The likely site of Tucson's first Church of Jesus Christ of Latter-day Saints temple is in the Catalina Foothills, near where East Ina Road curves into Skyline Drive.
Church planners submitted preliminary documents to Pima County showing a two-story, 34,000-square-foot temple on 7.46 acres the church purchased in 2010 for $1.6 million. The church also recently bought a home on one acre on the north edge of the possible temple location for $390,000.
At 34,000 square feet, the Tucson temple would be about one-fourth the size of Arizona's best-known LDS temple in Mesa.
The church has 400,000 members in Arizona, including 30,000 in Southern Arizona. The Tucson temple will be its sixth in Arizona.
David Hoefferle, Tucson Latter-day Saints spokesman, said no final decision has been made about the location of the Tucson temple, and the church has talked about at least two other sites. But a check with planning agencies in Tucson, Marana and Pima County turned up no similar plans submitted for other large church-owned properties in those jurisdictions.
The submission to the county, labeled "LDS Temple," includes site and floor plans, renderings of the building, surveys and environmental studies.
Chris Poirier, the county's assistant planning director, confirmed a church project manager has submitted preliminary plans to Pima County for review and is in talks with the county.
The property's existing zoning already allows religious uses, so the church will not have to go through a rezoning process.
The preliminary plans submitted to the county in February show the temple would have capacity for 450 people, with 260 parking spaces and a significant buffer of undeveloped desert land between the temple and the surrounding neighborhood.
Poirier said the county's height limit in that location is 44 feet plus a dome. While most of the structure appears to be within that limit, the preliminary submission includes a 95-foot spire that would require the church to apply to the Board of Adjustments - and likely have to go through an extensive review and hearing process - to get an exception.
Most LDS temples include soaring spires topped with a golden figure of the angel Moroni, who Mormons believe appeared to Joseph Smith and told him to start the church.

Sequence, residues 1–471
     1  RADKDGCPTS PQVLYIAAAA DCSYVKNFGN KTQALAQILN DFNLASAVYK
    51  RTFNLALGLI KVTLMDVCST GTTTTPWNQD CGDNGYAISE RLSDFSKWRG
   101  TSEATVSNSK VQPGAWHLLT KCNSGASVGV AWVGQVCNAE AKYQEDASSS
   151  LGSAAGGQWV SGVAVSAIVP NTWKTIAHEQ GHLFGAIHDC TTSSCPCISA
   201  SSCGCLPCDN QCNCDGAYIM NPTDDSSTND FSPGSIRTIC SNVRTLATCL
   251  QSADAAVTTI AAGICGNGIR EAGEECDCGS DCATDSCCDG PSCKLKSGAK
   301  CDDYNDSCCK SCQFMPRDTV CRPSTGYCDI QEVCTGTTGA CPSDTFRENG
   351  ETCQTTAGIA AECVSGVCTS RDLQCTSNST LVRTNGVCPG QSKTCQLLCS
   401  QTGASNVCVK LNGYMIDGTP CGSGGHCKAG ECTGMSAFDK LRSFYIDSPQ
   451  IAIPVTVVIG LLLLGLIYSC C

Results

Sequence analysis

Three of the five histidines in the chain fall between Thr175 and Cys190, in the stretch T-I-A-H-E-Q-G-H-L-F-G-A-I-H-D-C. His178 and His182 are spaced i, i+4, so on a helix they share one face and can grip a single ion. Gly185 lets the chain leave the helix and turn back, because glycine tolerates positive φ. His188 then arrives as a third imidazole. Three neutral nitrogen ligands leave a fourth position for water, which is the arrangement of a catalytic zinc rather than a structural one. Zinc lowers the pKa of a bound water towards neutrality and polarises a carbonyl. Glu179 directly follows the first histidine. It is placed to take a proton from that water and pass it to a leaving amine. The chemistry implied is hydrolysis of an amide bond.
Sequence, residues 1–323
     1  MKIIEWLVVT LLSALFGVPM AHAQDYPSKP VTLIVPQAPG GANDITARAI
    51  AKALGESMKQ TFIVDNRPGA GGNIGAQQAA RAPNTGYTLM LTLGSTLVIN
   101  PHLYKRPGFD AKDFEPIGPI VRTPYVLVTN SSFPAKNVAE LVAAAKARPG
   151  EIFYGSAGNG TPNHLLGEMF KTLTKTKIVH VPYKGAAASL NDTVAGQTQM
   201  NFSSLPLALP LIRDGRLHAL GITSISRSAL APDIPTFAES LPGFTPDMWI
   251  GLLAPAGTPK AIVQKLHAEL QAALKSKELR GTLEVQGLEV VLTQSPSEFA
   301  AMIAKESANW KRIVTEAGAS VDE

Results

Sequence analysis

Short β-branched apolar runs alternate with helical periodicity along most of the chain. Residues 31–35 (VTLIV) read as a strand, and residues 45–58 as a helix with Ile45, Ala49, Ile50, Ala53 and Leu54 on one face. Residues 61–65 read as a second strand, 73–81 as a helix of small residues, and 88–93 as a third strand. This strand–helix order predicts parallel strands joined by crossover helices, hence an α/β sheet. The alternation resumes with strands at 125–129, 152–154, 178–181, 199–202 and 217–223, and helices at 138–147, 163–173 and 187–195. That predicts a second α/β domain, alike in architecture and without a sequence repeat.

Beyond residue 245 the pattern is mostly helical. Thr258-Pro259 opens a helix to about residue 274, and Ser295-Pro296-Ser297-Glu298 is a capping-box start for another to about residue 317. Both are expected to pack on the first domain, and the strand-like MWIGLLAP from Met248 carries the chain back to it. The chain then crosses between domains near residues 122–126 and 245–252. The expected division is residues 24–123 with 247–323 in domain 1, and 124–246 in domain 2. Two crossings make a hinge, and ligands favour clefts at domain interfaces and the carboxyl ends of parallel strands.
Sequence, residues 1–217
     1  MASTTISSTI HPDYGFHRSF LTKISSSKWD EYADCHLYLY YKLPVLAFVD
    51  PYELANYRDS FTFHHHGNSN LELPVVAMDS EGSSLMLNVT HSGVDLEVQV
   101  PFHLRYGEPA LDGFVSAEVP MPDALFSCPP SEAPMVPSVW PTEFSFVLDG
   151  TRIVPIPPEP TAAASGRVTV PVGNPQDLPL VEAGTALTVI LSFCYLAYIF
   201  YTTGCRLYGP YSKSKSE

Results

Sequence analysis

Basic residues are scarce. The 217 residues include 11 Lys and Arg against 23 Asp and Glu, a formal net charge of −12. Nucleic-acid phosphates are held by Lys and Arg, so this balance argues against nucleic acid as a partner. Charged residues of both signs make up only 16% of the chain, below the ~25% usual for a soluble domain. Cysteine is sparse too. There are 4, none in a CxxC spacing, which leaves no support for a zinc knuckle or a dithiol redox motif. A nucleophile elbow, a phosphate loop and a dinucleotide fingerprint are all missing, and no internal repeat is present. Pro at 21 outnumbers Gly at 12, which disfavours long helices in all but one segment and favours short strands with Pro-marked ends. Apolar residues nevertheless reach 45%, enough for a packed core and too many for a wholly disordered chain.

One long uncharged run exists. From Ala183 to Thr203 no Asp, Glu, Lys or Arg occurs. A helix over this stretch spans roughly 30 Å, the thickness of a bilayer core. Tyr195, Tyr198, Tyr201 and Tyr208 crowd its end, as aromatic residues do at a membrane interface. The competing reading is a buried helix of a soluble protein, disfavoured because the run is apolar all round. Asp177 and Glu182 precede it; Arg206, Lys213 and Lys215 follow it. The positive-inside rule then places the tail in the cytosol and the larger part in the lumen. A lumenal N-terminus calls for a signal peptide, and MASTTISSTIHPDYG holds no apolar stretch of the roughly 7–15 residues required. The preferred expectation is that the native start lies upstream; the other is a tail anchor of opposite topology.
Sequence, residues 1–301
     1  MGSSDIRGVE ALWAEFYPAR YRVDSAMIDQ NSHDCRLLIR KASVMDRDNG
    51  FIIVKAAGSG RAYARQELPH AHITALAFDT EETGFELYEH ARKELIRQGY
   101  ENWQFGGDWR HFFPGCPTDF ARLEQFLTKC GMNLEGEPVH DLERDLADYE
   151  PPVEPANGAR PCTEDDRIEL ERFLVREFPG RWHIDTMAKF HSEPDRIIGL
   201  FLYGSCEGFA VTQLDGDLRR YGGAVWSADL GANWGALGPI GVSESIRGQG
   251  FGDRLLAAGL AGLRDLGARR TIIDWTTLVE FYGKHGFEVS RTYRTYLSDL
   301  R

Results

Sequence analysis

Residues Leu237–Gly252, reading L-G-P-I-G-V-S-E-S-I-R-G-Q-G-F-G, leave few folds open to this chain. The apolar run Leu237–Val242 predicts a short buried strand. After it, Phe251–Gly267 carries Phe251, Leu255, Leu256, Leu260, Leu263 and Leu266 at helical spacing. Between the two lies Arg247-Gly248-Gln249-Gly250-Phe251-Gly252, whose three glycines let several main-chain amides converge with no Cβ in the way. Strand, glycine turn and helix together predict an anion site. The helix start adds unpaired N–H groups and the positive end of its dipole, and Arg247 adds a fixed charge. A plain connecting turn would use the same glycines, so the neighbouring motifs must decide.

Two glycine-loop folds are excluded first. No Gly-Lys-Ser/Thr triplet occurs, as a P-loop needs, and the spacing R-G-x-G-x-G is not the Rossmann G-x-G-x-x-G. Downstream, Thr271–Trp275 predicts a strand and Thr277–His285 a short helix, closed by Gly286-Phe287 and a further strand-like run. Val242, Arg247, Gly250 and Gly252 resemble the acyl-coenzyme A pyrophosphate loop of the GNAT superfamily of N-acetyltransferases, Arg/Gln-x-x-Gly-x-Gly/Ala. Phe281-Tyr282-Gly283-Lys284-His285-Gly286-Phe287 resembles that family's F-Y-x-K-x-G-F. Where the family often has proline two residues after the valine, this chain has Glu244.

For comparison, the control tower at Tucson International Airport is 112 feet tall.
The church announced in October it would build a temple in Tucson, but has not publically announced details about where or how big it would be, or when it would be built. However, most of the temples built recently in the United States have started construction two to three years after they were announced..
Neighbors contacted by the Star said they were not aware of the plans and were not prepared to comment.
When told about the plan, Stan Kartchner, president of the Shadow Roc Homeowners Association, the neighborhood where the temple could be located, said, "That's cool. I like it."
"I'm a member of the church, so for me there's nothing but positive about having a temple in the neighborhood," he said.
Shadow Roc previously opposed an office development on that site "because it didn't seem like the right thing for the area," Kartchner said. A temple is "one of the more favorable uses we could imagine."
Kartchner hopes the church tells neighbors about the project and asks for feedback. He said traffic, lighting, size or height could be issues for neighbors, but those issues can be negotiated or addressed by the church.
Other large properties owned by the church that could accommodate a temple include 11 acres near Alvernon Way and the Rillito River and several large parcels in Marana. There are no plans on file for those properties.
While all signs point to the Ina/Skyline location, Hoefferle said from past experience the church could quickly identify another site, including one not currently in the church inventory.
On StarNet: To see more renderings and a map of the proposed building and site, go to azstarnet.com/gallery
Did you know?
Temples built by the Church of Jesus Christ of Latter-day Saints are significantly different than the church meeting houses that already dot the community.
Latter-day Saints churches are open to anyone. They have Sunday services and a host of other activities that take place in the churches of many other denominations.
Temples are considered to be the most sacred places on Earth and are open only to church members. They do not have congregations per se or traditional church services, but rather a number of small rooms where members can "shut out the world and ponder the things of greatest importance," as well as host marriages, baptisms and other ceremonies. They are closed on Sundays.
On the web
Contact reporter Becky Pallack at firstname.lastname@example.org or 573-4346. On Twitter @BeckyPallack.